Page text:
I've got a Mercedes C200 (W204) from 2011 (facelift model) with a working air con (air blows out) but not getting cold or hot.

I've taken it to a local mechanic that in less than 1h diagnosed it as a leaky air con and immediately said it needs a new condensator which will set me back about 2000€.

Now I'm not a mechanic by any means but am pretty handy and from the research I've done it seems to me like the way to determine where a leak is or if one exists at all is by using a dye and a UV light and/or a sniffer. I find it hard to believe that in the amount of time he had the car for that he did all that, but also I've gone around with a UV light after I got the car back from the mechanic and couldn't find anything myself, which leads me to believe he didn't use a dye at all, although he may have used a sniffer.

So I want to try to attempt a diagnosis/repair myself. I'm looking for some validation on the steps to perform based on my understanding of what needs to be done.

  1. Assuming there there is a leak, am I correct in the assumption that one should not be too concerned with air in the system so at this stage and therefore shouldn't get a vacuum pump? Also I don't know how much refrigerant is still in the system if any at all (and have no way of properly disposing of any that might be in there).

  2. Am I correct in assuming as well that at this stage it makes no sense to invest in a 3 hose system with gauges + vacuum pump and instead just get one of those cheap R134a bottles with a gauge of its own?

  3. I am finding it hard to find R134a bottles, instead mostly finding "R134a replacement" bottles like this, are they interchangeable and safe to use and - assuming there's still some refrigerant in the system - can it be combined with what's left in the system?

  4. From what I gathered now the process is to first connect the hose to the low pressure port, turn on the car and the AC system and measure both the pressure in the low pressure side as well as the air temperature coming into the car. If the pressure is too low then add some refrigerant (with dye) to the green mark, ensure that the compressor kicks in and that the temperature drops inside the car, disconnect the kit from the low pressure port, leave the car running for at least 20m to allow it to circulate through the system. A day later check the pressure and ensure it hasn't changed.

I've had this car since 2014 and as far as I know no maintenance has ever been done on the air con. So assuming that the pressure stays the same, I've now just introduced air into the system (arguably small amounts but still). Is this something I should be worried about? Is there a way of topping up the refrigerant without introducing air into the system that doesn't involve completely emptying out the system first and using a vacuum pump?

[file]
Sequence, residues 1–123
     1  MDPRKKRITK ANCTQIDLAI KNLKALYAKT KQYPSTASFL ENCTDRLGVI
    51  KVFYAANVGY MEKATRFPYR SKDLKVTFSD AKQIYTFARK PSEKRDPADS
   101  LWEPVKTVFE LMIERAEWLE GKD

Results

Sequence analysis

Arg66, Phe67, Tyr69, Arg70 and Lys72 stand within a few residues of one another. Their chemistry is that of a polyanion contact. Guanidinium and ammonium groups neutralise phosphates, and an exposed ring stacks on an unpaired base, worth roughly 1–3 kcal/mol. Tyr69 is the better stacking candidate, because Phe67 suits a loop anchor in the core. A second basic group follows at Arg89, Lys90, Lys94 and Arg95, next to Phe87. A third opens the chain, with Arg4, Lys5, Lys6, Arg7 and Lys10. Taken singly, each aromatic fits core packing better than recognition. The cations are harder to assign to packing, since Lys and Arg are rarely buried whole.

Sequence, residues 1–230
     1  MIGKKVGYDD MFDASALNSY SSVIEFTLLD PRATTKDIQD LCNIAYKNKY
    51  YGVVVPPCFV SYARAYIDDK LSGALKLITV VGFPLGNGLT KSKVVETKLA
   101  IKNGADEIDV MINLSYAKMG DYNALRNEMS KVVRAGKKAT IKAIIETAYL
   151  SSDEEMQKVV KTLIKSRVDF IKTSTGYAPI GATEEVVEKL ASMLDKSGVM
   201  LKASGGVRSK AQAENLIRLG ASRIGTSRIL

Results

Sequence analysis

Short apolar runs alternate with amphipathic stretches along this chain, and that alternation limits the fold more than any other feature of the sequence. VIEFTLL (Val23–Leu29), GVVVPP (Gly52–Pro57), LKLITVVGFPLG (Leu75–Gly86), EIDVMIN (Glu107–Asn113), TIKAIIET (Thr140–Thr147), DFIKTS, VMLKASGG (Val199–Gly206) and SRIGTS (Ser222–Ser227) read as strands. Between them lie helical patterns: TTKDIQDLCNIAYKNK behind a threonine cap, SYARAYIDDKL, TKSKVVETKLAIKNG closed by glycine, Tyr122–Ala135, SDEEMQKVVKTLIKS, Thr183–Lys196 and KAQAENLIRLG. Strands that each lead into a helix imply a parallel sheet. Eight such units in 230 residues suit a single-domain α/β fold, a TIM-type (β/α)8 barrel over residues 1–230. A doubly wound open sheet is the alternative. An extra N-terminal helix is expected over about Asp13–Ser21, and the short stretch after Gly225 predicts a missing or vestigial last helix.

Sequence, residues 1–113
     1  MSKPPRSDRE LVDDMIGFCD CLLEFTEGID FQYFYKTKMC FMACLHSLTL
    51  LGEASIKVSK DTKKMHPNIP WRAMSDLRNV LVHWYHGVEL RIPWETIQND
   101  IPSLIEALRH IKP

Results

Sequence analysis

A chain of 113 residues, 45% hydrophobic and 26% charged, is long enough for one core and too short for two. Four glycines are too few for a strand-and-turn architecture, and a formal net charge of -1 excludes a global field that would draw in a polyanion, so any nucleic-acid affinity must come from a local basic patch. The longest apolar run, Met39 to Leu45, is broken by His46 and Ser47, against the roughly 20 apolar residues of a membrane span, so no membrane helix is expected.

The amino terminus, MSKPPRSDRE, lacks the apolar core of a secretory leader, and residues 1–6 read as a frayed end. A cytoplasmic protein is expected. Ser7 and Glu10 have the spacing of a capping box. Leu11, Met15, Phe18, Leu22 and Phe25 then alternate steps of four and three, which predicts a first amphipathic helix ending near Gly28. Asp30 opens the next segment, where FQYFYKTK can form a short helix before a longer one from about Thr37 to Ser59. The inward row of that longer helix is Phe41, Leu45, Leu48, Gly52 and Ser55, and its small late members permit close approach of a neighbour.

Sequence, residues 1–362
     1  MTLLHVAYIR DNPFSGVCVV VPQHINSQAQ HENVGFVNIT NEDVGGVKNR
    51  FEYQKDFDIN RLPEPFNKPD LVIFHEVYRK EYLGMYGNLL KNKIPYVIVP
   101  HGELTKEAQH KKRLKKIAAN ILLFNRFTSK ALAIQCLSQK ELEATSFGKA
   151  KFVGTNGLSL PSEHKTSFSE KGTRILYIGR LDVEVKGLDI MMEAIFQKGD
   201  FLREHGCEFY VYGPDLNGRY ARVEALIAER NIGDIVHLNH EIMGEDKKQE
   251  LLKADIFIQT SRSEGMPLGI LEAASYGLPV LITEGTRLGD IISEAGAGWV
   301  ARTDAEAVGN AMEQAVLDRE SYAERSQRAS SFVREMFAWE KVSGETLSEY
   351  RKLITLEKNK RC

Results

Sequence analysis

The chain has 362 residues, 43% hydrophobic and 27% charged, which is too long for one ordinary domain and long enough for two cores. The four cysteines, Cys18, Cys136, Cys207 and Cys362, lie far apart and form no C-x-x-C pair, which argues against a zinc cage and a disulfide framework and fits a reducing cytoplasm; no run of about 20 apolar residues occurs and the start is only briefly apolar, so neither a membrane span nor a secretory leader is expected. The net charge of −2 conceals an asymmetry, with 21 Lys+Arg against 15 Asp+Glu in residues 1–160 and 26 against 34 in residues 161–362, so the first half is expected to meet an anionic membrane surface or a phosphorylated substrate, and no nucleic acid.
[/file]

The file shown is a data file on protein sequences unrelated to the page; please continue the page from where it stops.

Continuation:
Of course if the pressure drops and/or I see a leak with a UV light then it needs to be repaired and that's a whole different story but at least this initial part is something I can do alone I think.

Any help would be appreciated.

  • Welcome to Motor Vehicle Maintenance & Repair! Jun 2, 2022 at 13:32

1 Answer 1


An air conditioning system will not affect the heating system. If you are going to diagnose this yourself, it is best that you find out why you have no heat. The heating system is easier and safer to diagnose and the problem could very well be the solution to the air conditioning as well. It could be a blend door actuator that regulates the temperature through the HVAC system. Make sure your engine coolant is full and there is no air in the system. I'm just assuming there is no overheating going on. Once those things are confirmed good, bring the engine to operating temperature, turn your heater on and both heater core hoses should feel hot. If they are and you still get no heat in the car you may very well have a blend door problem. Once you have heat and your air conditioning still doesn't work:

Does the A.C. pump turn on? If not you might then have pressure problems. On order to check the A.C. pressures properly and safely you will need manifold gages and research how to read them to determine what the next steps of diagnosing is required. Before I had manifold gages I always told myself that if I work on A.C.without the proper tools and information, there is a good chance that I would cause a lot of damage and could possibly get seriously injured. But I hope you may find your problem before you get to the A.C.

  • In regards to the heating... there's hot air coming from the left vent (driver side) but no hot air coming from the middle vent. I'm not sure about right vent (passenger side) as I haven't had many sit there during the cold months when this started being an issue. There is no overheating going on and engine coolant is full. I haven't checked whether the compressor is actually kicking in or not when set to cold, will check it later today.
    – JohnUbuntu
    Jun 2, 2022 at 15:54
  • Since heat is only coming out on the driver side vent you have a blend door actuator that is not working properly for the middle and passenger side vents. You still could have an AC problem as outlined in @Jupiter's response, but you should get this fixed first and see if that also resolves the AC issue.
    – MJH
    Jun 2, 2022 at 17:31
  • Got this online. It's supposed to be for calibrating the climate control for Mercedes. It would be the first step for me. "Press and hold the RECIRC a DEFOG button simultaneously until you get blinking lights. This lasts about 30 seconds and will reset the system which may help." If you can listen to the actuators and blend doors while they calibrate. It may give you a clue.
    – Jupiter
    Jun 2, 2022 at 17:42

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